On the Hydrodynamics of Anomalocaris Tail Fins
This thesis examines the hydrodynamic performance of a tail-fin abstraction of Anomalocaris canadensis, a large arthropod from the Cambrian period believed to have been an apex predator. Through direct force measurements and stereoscopic particle image velocimetry, it was found that a flat plate with a multi-vane geometry inspired by preservations of Anomalocaris exhibited a region of enhanced steady-state lift and drag at angles of attack greater than 25° when compared to an equivalent delta-wing plate. These shapes showed little difference during acceleration from rest; however, at an angle of attack of 30°, the lift and drag measured on the multi-vane model were 15.3% and 17.0% higher than the delta-wing model, respectively. It was found that the secondary and tertiary vanes of the tail-fin abstraction encourage the formation of additional leading-edge vortices, similar to those frequently seen on natural propulsors. The formation of these additional leading-edge vortices is confirmed by the increase in streamwise circulation measured using particle image velocimetry near the additional leading edges along the length of the chord. The results of the current study suggest that the enhanced resultant normal force on the tail fin of Anomalocaris made it well-suited for manoeuvres, giving it the ability to turn quickly and through small radii of curvature.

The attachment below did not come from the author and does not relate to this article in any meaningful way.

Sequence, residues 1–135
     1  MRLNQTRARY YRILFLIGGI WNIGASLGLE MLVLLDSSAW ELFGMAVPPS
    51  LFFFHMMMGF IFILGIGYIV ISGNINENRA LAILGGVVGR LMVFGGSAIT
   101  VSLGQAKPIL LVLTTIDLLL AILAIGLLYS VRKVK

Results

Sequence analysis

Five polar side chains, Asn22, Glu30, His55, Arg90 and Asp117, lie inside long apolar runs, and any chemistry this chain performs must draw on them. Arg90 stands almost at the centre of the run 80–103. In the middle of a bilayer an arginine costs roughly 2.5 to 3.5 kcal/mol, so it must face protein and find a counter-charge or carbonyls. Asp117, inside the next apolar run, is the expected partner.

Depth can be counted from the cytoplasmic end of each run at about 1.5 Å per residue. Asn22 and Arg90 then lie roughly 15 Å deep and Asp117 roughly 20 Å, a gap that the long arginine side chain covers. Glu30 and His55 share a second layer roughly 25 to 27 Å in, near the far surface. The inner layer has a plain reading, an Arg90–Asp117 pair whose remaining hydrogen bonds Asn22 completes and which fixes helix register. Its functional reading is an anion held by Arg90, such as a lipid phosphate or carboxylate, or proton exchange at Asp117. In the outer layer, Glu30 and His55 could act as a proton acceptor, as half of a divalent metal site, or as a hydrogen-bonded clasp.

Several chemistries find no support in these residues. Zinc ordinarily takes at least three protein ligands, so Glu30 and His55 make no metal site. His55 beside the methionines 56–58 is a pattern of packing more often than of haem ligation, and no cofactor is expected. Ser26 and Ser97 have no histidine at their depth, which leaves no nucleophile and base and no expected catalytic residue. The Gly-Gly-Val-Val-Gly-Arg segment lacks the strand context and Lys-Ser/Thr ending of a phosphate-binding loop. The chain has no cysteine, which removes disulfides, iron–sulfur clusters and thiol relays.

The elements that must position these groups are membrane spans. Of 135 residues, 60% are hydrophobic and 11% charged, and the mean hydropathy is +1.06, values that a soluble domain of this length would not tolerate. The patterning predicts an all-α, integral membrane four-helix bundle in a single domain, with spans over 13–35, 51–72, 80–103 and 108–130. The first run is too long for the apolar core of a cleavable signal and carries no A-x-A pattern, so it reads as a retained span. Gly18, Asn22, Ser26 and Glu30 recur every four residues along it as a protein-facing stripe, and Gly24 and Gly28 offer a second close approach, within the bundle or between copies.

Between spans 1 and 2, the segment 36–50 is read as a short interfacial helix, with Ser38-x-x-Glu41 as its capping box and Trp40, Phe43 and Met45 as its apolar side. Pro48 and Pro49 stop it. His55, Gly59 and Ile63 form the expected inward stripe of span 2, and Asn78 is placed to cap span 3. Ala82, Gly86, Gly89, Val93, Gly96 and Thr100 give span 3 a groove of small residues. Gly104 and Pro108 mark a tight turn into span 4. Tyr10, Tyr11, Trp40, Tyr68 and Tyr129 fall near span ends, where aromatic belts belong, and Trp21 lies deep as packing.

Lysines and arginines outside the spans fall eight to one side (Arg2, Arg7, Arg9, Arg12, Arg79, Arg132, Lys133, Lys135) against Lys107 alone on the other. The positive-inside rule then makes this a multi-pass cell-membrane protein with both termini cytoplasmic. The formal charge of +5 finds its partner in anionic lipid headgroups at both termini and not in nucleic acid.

Request an alternative formatIf you require this document in an alternate, accessible format, please contact the Queen's Adaptive Technology Centre
The following license files are associated with this item: